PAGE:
“A Tanjore painting has to be treasured, not just because it contains gold, but also because of its invaluable heritage,” says Bharani Elangovan, a Tanjore painting artist. “The artform traces its history back to the time of the Chola empire in the 16th century. Carrying forward the tradition is an honour.”
Bharani is part of a Tanjore painting exhibition organised by the Kerala Lalithakala Akademi and South Zone Cultural Centre, Thanjavur, at the Durbar Hall Art Gallery in Kochi.
Along with four other artists, Bharani has been engaging with visitors at the gallery, explaining the history and craft of Tanjore paintings. Her husband, artist K Elangovan, is also part of the team.
Joining the conversation, Bharani’s sister Bharathi Senthilvelan highlights that Tanjore paintings mostly feature Gods, Goddesses and divine beings. “Some artists experiment with modern themes too,” she adds. “However, raw materials have changed over time. In the ancient period, artists used actual precious stones and gold, and the works were framed in teak. Today, instead of diamonds and sapphires, artists use semi-precious stones such as kundan stones and American diamonds,” she explains.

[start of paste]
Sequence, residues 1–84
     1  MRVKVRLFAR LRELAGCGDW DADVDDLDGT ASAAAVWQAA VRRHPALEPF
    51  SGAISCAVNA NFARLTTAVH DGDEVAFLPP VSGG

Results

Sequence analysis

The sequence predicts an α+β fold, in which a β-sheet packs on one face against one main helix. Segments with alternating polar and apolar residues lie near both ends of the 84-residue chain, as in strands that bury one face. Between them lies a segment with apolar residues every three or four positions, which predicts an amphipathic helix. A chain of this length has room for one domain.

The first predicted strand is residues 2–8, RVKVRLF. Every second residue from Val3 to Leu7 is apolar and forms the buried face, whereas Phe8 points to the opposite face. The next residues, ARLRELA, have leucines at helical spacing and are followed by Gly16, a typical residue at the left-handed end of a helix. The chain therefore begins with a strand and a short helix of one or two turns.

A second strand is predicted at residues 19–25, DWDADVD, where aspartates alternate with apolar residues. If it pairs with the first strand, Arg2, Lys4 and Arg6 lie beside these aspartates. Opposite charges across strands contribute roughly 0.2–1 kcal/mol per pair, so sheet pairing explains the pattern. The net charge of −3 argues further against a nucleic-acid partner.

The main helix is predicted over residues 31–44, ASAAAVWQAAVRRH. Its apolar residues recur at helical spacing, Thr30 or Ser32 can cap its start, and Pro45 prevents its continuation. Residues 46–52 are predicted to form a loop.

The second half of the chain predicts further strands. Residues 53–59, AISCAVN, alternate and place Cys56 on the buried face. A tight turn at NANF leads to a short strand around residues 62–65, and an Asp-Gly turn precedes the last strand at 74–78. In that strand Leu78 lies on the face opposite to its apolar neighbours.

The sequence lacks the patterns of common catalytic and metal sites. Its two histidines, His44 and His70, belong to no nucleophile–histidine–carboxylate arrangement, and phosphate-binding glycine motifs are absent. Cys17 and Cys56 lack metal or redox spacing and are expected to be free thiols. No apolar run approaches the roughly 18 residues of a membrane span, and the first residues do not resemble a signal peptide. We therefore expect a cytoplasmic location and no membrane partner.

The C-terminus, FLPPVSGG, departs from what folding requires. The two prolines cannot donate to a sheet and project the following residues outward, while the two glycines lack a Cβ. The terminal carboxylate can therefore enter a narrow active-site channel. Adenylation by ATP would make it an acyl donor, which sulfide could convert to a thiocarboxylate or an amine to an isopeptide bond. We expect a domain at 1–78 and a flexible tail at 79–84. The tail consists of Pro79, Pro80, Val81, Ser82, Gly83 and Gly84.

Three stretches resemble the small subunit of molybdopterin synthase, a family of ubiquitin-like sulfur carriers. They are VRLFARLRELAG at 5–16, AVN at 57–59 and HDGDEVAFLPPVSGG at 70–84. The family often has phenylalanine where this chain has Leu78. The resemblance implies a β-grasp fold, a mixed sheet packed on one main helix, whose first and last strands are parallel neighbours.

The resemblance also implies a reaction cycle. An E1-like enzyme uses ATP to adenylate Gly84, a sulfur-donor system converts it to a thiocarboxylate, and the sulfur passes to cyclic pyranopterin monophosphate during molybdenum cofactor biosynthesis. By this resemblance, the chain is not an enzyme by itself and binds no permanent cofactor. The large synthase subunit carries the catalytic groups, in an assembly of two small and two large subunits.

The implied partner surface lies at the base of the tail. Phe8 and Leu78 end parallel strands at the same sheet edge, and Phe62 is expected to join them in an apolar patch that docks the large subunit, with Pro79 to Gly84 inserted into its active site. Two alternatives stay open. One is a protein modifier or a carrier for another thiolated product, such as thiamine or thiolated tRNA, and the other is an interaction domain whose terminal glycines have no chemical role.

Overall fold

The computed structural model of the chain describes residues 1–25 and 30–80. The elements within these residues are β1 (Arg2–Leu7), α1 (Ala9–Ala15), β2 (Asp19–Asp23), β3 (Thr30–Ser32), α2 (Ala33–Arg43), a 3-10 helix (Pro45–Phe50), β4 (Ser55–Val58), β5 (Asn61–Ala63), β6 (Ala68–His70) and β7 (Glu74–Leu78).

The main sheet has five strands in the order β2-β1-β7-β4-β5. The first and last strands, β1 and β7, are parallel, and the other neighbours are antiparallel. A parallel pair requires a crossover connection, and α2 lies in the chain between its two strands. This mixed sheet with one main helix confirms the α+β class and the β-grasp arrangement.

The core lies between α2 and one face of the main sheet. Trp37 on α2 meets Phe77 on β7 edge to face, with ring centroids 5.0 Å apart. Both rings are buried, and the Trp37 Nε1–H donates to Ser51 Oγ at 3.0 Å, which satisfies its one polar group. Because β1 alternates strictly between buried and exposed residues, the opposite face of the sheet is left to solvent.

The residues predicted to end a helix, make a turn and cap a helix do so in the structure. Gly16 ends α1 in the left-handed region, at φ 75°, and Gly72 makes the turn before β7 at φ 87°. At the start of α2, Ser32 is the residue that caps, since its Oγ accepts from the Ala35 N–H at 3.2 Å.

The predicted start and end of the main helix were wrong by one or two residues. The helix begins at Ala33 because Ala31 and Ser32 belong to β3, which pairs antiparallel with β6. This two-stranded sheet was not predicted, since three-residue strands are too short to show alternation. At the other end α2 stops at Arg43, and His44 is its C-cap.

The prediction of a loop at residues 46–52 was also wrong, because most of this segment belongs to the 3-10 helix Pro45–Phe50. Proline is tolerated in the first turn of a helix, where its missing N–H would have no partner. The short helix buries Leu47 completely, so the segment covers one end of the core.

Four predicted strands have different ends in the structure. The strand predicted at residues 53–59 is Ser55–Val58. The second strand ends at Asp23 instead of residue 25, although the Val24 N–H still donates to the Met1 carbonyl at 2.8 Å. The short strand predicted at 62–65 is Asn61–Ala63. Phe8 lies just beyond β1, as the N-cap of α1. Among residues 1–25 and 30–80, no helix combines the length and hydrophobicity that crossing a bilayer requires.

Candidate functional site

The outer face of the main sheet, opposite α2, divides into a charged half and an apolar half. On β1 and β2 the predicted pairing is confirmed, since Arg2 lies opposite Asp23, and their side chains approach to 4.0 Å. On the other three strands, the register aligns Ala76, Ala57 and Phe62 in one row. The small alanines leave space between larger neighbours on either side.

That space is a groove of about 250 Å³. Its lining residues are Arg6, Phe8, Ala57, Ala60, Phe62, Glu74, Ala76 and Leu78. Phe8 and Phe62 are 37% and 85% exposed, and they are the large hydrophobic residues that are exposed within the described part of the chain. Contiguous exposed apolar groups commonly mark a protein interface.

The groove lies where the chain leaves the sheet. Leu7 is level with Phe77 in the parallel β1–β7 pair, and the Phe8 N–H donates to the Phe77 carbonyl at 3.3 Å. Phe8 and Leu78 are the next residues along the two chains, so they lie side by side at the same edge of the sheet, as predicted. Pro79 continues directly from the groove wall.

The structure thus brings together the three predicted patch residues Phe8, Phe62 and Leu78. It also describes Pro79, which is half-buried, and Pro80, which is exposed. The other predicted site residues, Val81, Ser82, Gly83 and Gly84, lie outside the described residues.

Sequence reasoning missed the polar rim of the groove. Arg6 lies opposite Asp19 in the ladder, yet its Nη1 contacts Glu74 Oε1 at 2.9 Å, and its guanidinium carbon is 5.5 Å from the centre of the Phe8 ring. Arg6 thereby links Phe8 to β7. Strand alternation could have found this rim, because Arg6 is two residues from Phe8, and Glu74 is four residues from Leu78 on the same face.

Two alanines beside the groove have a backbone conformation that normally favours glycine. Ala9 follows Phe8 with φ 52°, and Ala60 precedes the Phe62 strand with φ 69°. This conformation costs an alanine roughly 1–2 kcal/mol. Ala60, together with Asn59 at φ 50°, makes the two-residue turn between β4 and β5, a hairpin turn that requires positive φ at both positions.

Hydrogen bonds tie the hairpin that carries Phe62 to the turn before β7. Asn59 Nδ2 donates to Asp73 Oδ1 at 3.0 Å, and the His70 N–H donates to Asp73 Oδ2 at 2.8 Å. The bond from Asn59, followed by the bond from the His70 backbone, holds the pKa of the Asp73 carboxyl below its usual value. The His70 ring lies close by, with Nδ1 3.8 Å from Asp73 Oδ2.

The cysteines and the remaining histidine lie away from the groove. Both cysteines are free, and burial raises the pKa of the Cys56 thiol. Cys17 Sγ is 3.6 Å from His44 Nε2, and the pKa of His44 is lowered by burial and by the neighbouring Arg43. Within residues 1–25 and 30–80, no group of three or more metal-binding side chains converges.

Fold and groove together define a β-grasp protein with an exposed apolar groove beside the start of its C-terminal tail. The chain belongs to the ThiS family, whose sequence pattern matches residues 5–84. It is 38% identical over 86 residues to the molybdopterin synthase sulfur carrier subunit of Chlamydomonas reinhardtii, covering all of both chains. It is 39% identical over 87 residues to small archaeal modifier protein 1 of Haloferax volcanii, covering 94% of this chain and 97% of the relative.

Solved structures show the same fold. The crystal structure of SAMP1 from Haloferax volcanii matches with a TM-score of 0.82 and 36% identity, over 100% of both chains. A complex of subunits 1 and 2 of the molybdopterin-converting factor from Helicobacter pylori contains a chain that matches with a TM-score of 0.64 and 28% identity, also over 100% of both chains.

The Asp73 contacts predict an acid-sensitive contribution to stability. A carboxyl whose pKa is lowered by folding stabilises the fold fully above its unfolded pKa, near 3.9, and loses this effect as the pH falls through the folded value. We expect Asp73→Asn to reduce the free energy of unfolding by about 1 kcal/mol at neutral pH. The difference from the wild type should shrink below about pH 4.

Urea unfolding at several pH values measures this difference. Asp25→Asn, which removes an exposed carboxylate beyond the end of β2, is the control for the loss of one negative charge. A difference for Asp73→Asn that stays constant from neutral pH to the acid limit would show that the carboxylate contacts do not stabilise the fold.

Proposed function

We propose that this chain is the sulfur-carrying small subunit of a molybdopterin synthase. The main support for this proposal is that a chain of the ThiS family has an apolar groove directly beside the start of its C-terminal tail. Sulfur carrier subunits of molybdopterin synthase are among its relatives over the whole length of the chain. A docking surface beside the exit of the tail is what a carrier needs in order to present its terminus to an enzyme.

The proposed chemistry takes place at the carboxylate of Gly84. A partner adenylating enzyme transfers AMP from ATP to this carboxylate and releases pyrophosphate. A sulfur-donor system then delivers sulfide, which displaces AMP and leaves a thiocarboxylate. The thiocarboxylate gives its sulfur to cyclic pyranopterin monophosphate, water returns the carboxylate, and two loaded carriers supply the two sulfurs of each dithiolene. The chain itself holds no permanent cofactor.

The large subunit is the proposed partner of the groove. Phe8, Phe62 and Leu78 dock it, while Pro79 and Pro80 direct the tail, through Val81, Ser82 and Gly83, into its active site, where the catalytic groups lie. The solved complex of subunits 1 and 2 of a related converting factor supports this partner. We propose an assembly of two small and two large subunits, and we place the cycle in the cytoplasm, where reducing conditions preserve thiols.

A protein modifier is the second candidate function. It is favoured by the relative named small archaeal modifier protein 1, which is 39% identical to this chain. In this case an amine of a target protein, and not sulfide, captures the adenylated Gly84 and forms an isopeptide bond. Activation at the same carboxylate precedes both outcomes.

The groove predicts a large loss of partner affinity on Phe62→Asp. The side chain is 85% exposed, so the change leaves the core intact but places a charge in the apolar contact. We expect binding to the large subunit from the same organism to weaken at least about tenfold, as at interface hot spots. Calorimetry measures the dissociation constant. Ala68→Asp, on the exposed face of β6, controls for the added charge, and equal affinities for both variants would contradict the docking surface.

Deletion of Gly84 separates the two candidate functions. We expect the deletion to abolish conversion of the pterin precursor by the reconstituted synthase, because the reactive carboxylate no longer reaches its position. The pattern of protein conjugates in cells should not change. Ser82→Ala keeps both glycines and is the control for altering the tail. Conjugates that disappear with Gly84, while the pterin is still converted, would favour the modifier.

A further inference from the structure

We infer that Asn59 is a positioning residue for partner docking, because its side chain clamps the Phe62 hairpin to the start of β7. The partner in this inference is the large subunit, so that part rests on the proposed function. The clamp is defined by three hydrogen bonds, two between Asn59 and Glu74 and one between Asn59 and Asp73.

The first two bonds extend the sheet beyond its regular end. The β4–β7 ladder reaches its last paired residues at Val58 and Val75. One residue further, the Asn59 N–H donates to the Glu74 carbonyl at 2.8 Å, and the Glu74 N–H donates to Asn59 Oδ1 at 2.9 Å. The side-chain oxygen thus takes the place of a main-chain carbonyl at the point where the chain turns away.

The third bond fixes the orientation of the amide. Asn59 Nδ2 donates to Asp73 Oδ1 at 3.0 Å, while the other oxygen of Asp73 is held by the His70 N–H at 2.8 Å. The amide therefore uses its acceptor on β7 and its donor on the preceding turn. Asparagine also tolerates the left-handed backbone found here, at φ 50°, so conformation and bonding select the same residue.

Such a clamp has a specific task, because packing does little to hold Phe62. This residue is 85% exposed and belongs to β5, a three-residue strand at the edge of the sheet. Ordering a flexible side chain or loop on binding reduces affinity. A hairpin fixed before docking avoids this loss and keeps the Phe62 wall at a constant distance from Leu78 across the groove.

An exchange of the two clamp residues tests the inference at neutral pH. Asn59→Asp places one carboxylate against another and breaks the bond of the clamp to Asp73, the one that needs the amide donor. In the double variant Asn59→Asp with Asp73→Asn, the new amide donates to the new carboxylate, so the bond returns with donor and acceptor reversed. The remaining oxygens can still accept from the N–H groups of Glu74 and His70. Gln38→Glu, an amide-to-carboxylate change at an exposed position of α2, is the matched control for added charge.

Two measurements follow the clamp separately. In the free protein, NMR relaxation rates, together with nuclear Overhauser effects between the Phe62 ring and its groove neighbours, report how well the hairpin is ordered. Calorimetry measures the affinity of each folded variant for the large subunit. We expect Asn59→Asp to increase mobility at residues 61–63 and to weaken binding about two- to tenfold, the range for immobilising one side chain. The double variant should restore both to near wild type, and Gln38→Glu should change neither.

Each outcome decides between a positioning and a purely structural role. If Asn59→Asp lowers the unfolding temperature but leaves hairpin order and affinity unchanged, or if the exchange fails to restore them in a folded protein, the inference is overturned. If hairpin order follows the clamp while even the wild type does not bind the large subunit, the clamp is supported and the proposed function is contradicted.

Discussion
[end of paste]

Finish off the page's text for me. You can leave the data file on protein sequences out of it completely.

Tanjore paintings often go beyond the realm of art. “They are revered,” says Bharathi, who has displayed a series of acrylic on canvas works inspired by Tanjore paintings.. “Most Hindu prayer rooms in South India would have a Tanjore painting.”
The journey of a Tanjore painting is fascinating, say the artists. “It takes about 20 days to complete a standard-size painting of about 15’’x12’’ proportions,” says Vasudevan A, an artist who hails from Salem. “The first step is preparing the plywood base. The process takes three to four days. The artist then traces the painting and applies muck paste, a mixture of chalk powder and Arabic gum. This is done in order to give the painting a 3D effect. It is then inlaid with stones and gold foil, on which the artist employs the necessary filigree work. The painting is completed in poster colours. “
Bharani chips in that, even today, 22 and 24 karat gold foils are used to embellish the paintings.
There are certain standard colours used in Tanjore paintings — Prussian blue, crimson, green and pink. “In the olden times, artists used only natural colours,” says A Murthy, an artist from Salem. “For ease of use, most of the artists today use poster colours.”
Many of these artists accept orders for individual works, too. “We do a lot of customisation these days,” says Bharathi.
In addition to the usual paintings of Lord Krishna, various forms of the Goddesses, Lord Balaji and Lord Ganesha, the exhibition also includes Tanjore paintings of Jesus Christ and Shirdi Sai Baba. Paintings of birds, elephants and Kathakali, too, are on show.
The show is on till December 17 at the Durbar Hall Art Gallery in Kochi.